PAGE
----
It’s Primary Day, but not one campaign flyer is posted in the four-block radius of election district 50/84 in the South Bronx. A few blocks away, four campaign workers line the block in front of a polling place, but no one lines up to vote.
The corner of Kelly Street and Avenue St. John is at the center of this precinct, which is physically characterized by townhomes and four-story walk-ups. Crime and poor graduation rates have hounded it for decades. The lack of voters and campaign propaganda is hardly a surprise. For years, voter turnout in the South Bronx has been low, according to a New York City Campaign Finance Board report.
Among the tiny election districts that make up the area, precinct 50/84 has possibly the worst turnout rate of all. In the last general election for mayor, just 14 of 160 registered voters (or 8.75 percent) cast a ballot, while turnout citywide hovered above 18 percent. The number of registered voters has since increased to 633, according to the New York City Board of Elections.
The campaign finance board, in a 2012 report, linked low turnout to low income, low educational attainment and housing instability in the South Bronx. But many residents of election district 50/84 said they don’t feel like they are even on the city map.
“People here have their own opinions. They have their agendas, their worries,” said Randy Arzu, who lives in the precinct and was pushing his daughter in her stroller on Election Day. “Politicians have to come out and introduce themselves, talk to us to understand that. If they come to neighborhoods where the others don’t, that should be a bonus.”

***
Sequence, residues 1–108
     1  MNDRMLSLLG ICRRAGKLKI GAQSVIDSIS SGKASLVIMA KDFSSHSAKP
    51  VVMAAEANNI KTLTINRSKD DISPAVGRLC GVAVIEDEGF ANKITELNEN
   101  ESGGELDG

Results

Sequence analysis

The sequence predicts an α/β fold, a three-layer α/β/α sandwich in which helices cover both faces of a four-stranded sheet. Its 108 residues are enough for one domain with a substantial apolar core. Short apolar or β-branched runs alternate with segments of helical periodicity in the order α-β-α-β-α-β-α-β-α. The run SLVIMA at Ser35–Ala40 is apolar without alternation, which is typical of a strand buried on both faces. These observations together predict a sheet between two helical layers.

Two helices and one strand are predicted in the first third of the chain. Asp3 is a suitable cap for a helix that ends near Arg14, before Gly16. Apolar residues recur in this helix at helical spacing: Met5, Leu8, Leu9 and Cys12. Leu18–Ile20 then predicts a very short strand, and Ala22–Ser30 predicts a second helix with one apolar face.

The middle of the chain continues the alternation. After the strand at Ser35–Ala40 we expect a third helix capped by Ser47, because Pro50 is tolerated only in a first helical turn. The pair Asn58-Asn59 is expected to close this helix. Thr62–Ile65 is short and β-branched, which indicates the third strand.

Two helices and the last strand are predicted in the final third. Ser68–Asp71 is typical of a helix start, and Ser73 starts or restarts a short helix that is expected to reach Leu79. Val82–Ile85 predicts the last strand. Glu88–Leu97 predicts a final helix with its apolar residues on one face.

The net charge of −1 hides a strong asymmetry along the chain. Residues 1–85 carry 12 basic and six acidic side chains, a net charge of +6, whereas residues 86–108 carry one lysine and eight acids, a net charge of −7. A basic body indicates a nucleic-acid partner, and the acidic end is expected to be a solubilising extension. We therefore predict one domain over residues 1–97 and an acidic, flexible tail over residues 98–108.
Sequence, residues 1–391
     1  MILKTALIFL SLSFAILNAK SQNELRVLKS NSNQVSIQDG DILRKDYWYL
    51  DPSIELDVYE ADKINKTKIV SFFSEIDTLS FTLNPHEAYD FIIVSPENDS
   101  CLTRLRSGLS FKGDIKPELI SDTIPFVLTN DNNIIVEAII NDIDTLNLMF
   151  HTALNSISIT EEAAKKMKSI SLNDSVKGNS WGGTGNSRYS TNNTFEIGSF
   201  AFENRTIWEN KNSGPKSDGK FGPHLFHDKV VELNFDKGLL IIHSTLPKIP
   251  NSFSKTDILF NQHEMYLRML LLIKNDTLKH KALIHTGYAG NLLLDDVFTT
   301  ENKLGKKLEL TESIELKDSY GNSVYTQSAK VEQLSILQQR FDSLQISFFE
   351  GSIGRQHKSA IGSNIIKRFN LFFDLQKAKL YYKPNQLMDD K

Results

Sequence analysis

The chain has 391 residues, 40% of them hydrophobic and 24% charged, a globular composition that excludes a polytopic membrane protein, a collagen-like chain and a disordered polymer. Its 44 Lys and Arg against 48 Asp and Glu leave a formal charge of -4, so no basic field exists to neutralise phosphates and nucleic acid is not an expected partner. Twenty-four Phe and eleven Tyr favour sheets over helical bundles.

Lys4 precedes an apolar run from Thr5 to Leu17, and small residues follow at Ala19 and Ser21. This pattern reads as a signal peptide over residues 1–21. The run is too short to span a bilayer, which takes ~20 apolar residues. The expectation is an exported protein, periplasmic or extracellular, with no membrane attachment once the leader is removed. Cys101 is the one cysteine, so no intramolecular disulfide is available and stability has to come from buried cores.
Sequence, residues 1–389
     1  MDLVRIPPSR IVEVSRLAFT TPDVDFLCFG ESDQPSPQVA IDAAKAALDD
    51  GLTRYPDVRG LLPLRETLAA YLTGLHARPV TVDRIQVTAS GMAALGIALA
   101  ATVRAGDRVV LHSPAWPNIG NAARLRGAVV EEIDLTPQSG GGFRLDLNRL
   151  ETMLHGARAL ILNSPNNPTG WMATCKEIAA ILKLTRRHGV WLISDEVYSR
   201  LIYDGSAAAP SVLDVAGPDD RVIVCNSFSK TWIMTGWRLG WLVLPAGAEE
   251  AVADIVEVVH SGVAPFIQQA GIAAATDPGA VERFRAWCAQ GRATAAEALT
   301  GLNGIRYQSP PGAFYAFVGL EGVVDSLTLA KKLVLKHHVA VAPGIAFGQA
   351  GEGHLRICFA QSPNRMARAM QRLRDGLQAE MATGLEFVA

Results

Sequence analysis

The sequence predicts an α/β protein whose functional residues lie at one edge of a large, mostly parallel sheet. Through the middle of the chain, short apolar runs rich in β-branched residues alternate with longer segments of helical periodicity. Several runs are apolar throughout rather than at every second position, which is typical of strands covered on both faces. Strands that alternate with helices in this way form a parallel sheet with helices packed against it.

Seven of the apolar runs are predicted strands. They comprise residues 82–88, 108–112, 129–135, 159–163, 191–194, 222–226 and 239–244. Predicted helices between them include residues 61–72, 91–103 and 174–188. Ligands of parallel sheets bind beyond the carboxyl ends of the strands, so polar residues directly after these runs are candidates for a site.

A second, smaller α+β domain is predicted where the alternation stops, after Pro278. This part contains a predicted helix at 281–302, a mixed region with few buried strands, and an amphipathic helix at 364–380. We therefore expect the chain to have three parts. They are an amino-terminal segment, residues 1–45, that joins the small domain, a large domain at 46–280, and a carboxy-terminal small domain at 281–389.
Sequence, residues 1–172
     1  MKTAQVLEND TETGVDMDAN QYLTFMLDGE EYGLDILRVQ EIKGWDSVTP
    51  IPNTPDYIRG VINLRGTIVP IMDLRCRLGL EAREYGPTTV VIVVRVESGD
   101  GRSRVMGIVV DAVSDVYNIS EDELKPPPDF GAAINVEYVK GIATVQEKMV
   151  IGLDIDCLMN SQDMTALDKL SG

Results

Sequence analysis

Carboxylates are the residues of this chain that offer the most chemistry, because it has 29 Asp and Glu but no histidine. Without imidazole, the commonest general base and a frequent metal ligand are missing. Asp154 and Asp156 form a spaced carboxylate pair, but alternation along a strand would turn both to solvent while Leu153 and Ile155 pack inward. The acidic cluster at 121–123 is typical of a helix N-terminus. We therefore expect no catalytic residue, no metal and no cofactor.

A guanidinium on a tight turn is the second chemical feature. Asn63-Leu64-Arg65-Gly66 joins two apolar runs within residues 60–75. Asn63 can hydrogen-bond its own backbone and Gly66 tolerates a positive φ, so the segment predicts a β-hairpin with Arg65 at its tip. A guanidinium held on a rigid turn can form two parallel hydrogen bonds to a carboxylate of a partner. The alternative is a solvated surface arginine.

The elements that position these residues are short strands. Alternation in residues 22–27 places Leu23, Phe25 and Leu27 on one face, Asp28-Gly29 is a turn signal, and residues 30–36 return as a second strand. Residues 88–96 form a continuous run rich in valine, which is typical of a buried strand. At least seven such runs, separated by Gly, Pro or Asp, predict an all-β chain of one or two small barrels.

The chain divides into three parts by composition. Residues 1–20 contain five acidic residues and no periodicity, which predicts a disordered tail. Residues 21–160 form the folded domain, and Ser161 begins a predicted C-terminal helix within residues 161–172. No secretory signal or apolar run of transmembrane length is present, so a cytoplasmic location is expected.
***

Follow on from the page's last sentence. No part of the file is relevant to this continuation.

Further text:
The candidates for this year’s mayoral race didn’t come though. A New York Times analysis shows few South Bronx campaign stops for any of the candidates. John Liu and Christine Quinn appear to have made the most stops, according to maps created by the Times. And Bill Thompson has made a last minute push to attract voters in the Bronx, as well.
“People feel like their vote doesn’t count here,” said Wayne James, who was visiting his mother in precinct 50/84. “I go to other neighborhoods and I see signs everywhere. But it’s only because of that and my TV that I know there’s an election. Lots of people here have no idea there’s a mayor’s race.”
James suggests that the cycle of disengagement is a vicious circle—people don’t vote, politicians stop paying attention, people vote even less.
“During the summer, there was a shooting out here every weekend,” said James. “But you go down to the corner and the basketball court is busted. There’s nowhere for kids to go. And there’s no work. People are gonna rob and sell drugs, if there’s no work.”
“We’re out here on our own,” said James.
Arzu, the young father, hopes that politicians will find a creative way to engage the community. “Have a basketball tournament or a block party. Bring celebrities out here. Go to the barber shops and the restaurants. You’ve got to find out what people want,” he said.
Meanwhile, back at the polling station, the single voting machine reserved for precinct 50/84 stood empty. By the end of the night 46 people pulled its lever, according to unofficial results, almost quadrupling the number of voters from the last mayoral general election.
But that’s not exactly an improvement. Based on the new number of registered voters, 46 people translates to just 7.3 percent.